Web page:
Kayo Yokoyama’s approach to her work isn’t overly precious which, considering she’s one of Australia’s most highly regarded artists and she’s working with glass, might come as a surprise. It certainly did for the organisers of the Blake Prize for Religious Art (for which Kayo was a finalist in 2018) when she knocked back a protective cover for her work. “I want people to be able to get closer, to be able to really look at my work, and if they want to touch it, let them!” says Kayo.
Kayo’s selection as a finalist reflects not only her prowess but also illustrates the evolution of the Religious Art prize. No longer defined by a narrow, western understanding of religion, the prestigious award seeks to encourage discussion about the nature of spirituality, hope and belief in contemporary times. Perhaps more significantly, non-belief or even not knowing what one believes are treated as equally valid perspectives.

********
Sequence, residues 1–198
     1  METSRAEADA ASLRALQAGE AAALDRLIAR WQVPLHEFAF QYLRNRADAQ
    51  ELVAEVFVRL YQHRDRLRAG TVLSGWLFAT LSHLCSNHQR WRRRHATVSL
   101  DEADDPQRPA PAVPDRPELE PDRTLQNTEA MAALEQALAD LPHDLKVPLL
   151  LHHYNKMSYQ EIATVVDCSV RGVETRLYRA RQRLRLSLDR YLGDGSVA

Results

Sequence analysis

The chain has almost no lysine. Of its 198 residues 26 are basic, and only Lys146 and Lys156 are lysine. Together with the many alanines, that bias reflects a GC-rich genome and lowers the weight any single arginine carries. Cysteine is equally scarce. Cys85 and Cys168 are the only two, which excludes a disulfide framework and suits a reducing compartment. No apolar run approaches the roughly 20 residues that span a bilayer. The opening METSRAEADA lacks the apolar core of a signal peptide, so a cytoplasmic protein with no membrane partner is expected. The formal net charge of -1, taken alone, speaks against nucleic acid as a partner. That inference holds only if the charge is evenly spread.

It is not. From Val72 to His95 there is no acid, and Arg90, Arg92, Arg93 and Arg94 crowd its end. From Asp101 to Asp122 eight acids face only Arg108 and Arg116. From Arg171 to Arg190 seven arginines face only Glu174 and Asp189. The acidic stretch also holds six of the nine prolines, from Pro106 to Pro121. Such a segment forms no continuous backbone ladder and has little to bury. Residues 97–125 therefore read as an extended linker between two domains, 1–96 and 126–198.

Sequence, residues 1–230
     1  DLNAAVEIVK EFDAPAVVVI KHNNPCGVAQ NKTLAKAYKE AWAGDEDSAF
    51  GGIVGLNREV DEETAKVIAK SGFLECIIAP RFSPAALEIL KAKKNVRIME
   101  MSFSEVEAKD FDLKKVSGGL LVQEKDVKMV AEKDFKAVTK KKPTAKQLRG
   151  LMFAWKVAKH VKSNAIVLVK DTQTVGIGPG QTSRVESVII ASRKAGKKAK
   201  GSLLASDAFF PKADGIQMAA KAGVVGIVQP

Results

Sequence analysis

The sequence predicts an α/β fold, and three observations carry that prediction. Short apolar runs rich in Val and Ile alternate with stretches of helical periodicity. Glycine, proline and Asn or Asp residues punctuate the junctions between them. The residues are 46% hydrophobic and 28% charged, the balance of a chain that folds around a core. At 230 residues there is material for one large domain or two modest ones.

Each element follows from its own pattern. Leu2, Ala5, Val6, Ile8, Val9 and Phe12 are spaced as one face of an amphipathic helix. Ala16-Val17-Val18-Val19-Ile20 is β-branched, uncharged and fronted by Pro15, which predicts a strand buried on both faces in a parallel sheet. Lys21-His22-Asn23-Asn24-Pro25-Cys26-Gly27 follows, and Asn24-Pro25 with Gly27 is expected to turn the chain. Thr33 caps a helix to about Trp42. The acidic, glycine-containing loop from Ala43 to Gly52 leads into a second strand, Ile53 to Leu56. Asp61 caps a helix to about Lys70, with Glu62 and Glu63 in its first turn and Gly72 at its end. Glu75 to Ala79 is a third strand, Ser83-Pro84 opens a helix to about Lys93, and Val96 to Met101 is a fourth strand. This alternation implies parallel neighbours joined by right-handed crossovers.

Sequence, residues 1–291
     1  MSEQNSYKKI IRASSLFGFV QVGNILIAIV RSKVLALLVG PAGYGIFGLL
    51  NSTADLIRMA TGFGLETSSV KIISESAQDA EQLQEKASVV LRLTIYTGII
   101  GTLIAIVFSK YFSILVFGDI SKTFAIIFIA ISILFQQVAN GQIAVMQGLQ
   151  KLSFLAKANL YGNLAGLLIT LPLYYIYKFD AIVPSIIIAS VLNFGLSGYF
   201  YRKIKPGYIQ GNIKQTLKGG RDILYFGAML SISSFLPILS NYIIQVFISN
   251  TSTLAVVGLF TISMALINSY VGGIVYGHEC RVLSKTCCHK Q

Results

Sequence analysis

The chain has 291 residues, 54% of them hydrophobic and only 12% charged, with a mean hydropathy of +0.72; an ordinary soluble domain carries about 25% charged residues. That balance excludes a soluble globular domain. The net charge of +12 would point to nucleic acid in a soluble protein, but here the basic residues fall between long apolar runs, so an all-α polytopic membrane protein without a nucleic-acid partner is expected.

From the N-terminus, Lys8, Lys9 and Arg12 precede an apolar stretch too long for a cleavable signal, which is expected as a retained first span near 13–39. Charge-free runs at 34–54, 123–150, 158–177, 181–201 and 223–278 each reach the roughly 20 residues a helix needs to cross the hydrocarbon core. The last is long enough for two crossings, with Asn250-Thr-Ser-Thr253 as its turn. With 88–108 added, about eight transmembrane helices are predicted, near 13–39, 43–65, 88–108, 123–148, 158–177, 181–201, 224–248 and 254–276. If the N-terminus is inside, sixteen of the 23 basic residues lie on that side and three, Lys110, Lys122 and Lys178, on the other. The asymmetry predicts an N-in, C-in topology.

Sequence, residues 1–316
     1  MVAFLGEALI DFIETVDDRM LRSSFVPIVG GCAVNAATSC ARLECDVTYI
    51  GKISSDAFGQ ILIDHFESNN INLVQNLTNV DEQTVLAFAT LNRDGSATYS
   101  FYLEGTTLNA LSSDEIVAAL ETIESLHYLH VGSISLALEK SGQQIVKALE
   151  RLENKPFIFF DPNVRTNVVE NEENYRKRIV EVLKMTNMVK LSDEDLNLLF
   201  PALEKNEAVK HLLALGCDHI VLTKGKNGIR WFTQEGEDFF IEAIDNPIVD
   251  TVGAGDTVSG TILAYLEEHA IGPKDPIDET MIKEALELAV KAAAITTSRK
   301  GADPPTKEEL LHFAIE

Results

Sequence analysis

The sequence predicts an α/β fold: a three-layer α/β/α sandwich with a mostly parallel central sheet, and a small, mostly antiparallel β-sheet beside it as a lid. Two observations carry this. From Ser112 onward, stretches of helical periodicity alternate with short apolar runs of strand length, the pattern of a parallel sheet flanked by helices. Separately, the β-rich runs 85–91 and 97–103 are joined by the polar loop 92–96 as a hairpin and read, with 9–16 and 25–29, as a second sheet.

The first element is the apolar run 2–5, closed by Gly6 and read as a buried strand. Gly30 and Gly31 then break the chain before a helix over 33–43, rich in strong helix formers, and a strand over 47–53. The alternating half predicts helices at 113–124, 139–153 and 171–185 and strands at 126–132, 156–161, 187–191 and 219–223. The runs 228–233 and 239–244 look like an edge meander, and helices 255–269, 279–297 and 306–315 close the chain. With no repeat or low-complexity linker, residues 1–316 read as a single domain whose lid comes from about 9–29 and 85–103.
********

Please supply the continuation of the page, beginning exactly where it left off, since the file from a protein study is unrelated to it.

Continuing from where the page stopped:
By her own admission, Kayo’s entry Conversation falls in the latter camp. “I never thought they’d accept my work as my piece was more like a question for myself,” she explains. Comprising a pair of elongated glass domes, the piece is etched with her signature trees to create a miniature landscape. A moon is carved into the taller dome, referencing the spiritual tradition of Shinto and the mythology of her birthplace, Japan.
Shinto is a belief system that predates the arrival of Buddhism and Christianity in Japan. It reveres the natural world, including one’s ancestors, and is anchored by the belief that both animate and inanimate elements of the natural world possess spirits, or kami. Practitioners seek to smooth the way of the kami in the physical world by devoting themselves to ritual practises and prayer, living harmoniously with others and serving their communities.